On a brisk evening at Eden Park on August 7th, Jacques Nienaber watched the Wallabies put over four tries against the All Blacks.
He must have given some thought to Dave Rennie, the Wallabies coach, and how expansive their game had been. Yes, the Australians lost that evening, but it had been a good performance for the men from down under.
By the time the All Blacks had wrapped up the Bledisloe Cup in Perth on September 5th, Nienaber had over a month to prepare his side for the Wallabies. Sure, he had the Pumas to contend with in the interim, but if you’re going to accept the head coaching position of an iconic international rugby side in the modern era then you’d better prepare your squad to be all-rounders. Simply put, adapt or die, and the current Springbok side is dying.
Steve Hansen, former All Blacks head coach, put it bluntly when he said, “if you can’t change the man, change the man.”
Much has been written about the Springboks’ style of play; that it’s overwhelmingly forward-dominated with significant kicking. That’s not the problem if your opposition is unable to counter-attack and rapidly and successfully move the ball the width of the field off set-pieces – aka the British and Irish Lions and the Pumas. Nienaber’s problem is simply diagnosed: he believes the Springboks don’t need to adapt their style of play based upon specific competitors’ style of play.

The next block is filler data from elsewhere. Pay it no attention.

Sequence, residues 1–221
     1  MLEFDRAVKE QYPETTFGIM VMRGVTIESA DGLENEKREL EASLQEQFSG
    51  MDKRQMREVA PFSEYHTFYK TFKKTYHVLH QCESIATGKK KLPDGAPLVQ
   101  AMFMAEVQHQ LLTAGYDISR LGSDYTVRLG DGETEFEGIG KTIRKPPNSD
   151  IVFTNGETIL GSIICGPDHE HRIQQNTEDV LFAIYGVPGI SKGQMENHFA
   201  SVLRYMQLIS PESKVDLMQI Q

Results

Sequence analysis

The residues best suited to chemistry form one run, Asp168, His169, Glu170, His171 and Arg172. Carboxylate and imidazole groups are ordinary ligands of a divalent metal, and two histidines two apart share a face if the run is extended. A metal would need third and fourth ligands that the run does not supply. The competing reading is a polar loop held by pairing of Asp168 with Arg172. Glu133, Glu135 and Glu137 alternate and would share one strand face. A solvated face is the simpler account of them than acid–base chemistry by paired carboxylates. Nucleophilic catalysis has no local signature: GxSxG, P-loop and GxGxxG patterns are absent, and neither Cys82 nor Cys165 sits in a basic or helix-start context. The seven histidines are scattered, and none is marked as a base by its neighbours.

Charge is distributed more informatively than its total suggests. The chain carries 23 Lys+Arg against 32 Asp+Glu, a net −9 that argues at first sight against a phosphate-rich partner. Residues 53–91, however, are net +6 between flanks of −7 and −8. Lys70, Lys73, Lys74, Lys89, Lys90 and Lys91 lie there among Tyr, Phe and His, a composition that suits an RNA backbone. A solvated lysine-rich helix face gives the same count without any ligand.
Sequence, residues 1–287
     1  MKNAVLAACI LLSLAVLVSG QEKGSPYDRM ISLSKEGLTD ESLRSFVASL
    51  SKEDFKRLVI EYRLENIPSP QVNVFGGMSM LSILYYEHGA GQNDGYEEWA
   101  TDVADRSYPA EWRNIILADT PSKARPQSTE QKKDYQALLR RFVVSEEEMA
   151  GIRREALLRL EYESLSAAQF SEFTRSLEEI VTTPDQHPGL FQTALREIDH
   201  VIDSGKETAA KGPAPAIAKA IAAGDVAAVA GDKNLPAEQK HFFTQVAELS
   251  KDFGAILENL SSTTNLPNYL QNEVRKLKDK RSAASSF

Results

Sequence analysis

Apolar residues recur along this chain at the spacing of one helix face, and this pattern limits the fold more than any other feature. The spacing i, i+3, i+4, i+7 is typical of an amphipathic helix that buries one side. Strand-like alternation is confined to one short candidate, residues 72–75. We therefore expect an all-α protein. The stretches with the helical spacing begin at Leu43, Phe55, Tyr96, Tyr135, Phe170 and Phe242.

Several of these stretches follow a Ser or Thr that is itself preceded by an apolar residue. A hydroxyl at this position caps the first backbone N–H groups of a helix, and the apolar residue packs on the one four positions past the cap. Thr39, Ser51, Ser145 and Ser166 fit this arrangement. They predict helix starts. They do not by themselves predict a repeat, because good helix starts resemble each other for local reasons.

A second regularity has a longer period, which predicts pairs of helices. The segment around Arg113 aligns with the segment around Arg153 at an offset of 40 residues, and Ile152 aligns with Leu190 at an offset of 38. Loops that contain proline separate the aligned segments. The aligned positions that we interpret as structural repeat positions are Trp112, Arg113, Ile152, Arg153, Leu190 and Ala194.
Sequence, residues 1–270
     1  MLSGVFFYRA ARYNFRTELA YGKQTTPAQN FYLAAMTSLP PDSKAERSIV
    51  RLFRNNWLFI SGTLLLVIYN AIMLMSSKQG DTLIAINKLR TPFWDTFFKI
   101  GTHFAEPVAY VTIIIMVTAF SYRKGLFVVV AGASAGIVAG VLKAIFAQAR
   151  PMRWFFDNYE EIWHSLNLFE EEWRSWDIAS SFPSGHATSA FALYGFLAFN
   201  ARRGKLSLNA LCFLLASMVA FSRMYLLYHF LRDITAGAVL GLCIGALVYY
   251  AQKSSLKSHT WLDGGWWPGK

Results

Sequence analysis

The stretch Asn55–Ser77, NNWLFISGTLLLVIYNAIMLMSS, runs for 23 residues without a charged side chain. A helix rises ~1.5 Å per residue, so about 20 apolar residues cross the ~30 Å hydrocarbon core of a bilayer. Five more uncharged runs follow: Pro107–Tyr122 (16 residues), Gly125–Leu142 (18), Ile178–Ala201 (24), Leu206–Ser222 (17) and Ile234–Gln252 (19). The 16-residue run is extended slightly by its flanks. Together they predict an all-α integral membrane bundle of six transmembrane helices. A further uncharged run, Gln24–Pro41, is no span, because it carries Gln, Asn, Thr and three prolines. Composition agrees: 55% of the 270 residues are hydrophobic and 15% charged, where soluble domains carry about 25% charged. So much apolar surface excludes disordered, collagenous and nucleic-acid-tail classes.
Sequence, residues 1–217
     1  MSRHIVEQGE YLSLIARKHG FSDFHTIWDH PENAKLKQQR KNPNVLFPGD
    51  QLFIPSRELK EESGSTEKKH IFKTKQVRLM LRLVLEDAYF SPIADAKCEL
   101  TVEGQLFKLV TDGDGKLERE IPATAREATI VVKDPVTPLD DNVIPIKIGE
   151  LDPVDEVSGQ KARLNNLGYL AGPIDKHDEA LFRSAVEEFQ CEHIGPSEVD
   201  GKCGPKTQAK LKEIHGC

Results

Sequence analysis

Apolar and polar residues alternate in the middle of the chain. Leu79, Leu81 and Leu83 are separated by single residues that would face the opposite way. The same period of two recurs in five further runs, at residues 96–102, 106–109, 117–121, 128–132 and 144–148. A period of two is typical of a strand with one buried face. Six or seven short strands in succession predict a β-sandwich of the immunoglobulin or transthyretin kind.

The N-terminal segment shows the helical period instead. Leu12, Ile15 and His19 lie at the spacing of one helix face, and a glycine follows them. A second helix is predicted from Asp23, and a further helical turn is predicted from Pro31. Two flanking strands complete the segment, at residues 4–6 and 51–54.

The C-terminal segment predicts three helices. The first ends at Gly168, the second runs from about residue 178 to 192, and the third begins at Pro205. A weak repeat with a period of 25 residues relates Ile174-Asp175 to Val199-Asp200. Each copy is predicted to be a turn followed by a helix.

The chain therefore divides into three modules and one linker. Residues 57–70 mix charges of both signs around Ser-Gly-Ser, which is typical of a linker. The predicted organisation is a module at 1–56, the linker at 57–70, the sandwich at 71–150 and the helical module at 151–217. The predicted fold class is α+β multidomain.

For this reason, Nienaber was outcoached by Rennie last evening. His failure to adapt his game plan was compounded by his squad’s poor defensive effort and most importantly, by a seriously weak bench. Cultivating a new generation of top players has always been South African rugby’s Achilles heel and was most evident noticeable during key weeks of this series with the absence of Cheslin Kolbe, Pieter-Steph du Toit and Lood de Jager. And now, like an incoming tide, the All Blacks are gathering strength from each Test during this Rugby Championship.
Nienaber can only hope his squad will find that elusive fifth gear and meet the All Blacks wave head-on.